New research from the University of California, San Diego, has found that adolescents in the child welfare system are more likely to have tried marijuana, inhalants or hard drugs than their peers.
The findings, based on data from National Survey of Child and Adolescent Well-Being and the National Longitudinal Study of Adolescent Health, included:
- 18 percent of teens in the welfare system reported smoking marijuana (compared to 14 percent)
- 12 percent of teens admitted to abusing inhalants (compared to 6 percent)
- 6 percent reported using “hard drugs” such as cocaine and heroin (compared to 4 percent)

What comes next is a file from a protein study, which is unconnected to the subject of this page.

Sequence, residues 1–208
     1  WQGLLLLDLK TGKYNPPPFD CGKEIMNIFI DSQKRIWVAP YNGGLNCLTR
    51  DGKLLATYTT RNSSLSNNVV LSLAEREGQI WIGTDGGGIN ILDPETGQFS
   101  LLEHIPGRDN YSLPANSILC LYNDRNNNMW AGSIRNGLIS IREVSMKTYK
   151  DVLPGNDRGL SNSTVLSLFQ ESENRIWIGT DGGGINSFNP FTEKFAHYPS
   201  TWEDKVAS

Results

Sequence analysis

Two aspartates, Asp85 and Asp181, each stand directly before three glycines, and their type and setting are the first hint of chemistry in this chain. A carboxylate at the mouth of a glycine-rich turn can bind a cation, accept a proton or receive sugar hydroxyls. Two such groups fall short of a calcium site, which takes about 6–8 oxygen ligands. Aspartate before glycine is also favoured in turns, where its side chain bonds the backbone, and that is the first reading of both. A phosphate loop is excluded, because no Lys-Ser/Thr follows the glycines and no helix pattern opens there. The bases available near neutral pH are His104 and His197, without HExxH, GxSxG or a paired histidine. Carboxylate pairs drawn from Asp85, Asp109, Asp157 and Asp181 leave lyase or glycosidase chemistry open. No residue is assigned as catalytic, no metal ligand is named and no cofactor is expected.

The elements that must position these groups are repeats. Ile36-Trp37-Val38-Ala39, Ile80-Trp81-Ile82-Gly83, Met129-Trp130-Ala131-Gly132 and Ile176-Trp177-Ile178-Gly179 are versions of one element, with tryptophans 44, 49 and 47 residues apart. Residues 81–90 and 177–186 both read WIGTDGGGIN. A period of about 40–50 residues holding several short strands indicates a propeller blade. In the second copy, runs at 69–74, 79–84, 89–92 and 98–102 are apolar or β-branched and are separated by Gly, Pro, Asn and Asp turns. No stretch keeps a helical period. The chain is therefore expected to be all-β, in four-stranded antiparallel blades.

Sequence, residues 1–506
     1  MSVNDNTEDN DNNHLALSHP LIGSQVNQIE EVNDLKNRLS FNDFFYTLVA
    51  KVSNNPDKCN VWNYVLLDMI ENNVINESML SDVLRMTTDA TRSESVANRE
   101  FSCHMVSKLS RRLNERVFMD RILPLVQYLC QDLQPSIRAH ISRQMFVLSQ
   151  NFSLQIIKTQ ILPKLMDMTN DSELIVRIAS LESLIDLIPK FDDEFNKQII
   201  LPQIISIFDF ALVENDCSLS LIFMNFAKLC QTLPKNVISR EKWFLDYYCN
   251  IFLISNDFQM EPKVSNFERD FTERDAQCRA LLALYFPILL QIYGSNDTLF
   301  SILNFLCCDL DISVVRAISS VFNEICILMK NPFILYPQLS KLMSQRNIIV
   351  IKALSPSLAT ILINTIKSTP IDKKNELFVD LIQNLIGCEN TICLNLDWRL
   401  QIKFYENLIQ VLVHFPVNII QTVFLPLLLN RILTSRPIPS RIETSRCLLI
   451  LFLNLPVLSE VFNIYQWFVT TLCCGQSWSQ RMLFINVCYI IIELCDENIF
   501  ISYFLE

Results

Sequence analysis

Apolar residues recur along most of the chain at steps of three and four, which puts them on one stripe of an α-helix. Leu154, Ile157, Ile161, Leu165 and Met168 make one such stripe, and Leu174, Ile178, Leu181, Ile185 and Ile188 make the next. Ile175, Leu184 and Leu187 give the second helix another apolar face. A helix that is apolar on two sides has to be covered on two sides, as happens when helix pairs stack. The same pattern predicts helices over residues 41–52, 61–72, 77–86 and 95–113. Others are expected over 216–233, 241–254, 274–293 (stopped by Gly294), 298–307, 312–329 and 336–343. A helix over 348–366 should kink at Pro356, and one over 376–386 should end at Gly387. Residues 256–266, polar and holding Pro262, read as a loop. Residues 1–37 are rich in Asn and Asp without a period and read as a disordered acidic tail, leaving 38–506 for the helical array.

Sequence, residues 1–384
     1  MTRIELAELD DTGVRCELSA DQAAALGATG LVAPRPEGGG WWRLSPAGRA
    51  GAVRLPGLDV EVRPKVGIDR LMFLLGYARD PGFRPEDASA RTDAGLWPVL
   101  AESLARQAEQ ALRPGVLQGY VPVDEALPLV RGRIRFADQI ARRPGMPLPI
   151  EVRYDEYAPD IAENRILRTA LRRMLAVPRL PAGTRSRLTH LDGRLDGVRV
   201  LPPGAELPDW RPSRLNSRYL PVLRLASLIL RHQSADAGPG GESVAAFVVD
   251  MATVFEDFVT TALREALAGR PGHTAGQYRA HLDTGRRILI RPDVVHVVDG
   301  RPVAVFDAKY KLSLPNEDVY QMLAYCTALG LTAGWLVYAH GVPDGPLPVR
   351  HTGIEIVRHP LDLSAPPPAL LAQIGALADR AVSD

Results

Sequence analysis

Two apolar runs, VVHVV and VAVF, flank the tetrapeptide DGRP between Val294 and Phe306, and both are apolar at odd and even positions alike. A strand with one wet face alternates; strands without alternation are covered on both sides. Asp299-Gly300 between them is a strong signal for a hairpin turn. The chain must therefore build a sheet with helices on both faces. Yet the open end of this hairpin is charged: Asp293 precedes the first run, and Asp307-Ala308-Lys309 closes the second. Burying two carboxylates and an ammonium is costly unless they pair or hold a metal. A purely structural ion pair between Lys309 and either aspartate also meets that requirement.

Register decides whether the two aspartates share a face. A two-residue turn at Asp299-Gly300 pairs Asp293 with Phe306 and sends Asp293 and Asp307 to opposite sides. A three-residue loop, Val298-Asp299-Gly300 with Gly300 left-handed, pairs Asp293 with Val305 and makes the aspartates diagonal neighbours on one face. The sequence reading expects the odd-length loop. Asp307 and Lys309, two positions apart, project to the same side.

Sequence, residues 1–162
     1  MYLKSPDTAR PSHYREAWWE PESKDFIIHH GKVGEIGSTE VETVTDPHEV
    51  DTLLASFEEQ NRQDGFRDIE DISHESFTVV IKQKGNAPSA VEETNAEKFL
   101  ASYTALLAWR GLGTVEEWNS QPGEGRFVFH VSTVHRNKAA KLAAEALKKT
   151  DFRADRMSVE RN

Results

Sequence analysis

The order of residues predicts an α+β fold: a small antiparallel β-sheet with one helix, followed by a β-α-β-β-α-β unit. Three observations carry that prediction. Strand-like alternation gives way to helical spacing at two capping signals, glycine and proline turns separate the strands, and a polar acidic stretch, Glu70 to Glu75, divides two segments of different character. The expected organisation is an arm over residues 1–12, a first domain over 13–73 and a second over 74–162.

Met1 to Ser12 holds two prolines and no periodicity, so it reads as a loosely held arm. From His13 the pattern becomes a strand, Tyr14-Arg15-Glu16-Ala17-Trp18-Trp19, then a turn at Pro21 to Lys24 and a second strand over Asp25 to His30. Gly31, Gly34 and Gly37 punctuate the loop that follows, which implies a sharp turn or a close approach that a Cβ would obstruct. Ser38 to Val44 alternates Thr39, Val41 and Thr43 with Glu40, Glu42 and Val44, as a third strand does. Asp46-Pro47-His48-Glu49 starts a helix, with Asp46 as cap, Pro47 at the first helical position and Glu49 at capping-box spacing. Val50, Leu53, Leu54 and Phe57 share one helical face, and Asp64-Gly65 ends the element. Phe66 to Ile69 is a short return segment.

The researchers also found that parental or caregiver involvement can influence whether youth in the welfare system engage in risky behavior. For example, those who reported feeling close to their parents or guardians were less likely to report drug use.
Lead author Danielle L. Fettes, Ph.D., said in a press release:
“Given the increased risk, the child welfare system may be an ideal venue to incorporate proven prevention and intervention programs for youth substance use. … Drug abuse screening and treatment, or referrals for treatment, should be a regular part of kids’ case management.”
The study, “Higher Rates of Adolescent Substance Use in Child Welfare Versus Community Populations in the United States,” appeared in the November issue of the Journal of Studies on Alcohol and Drugs.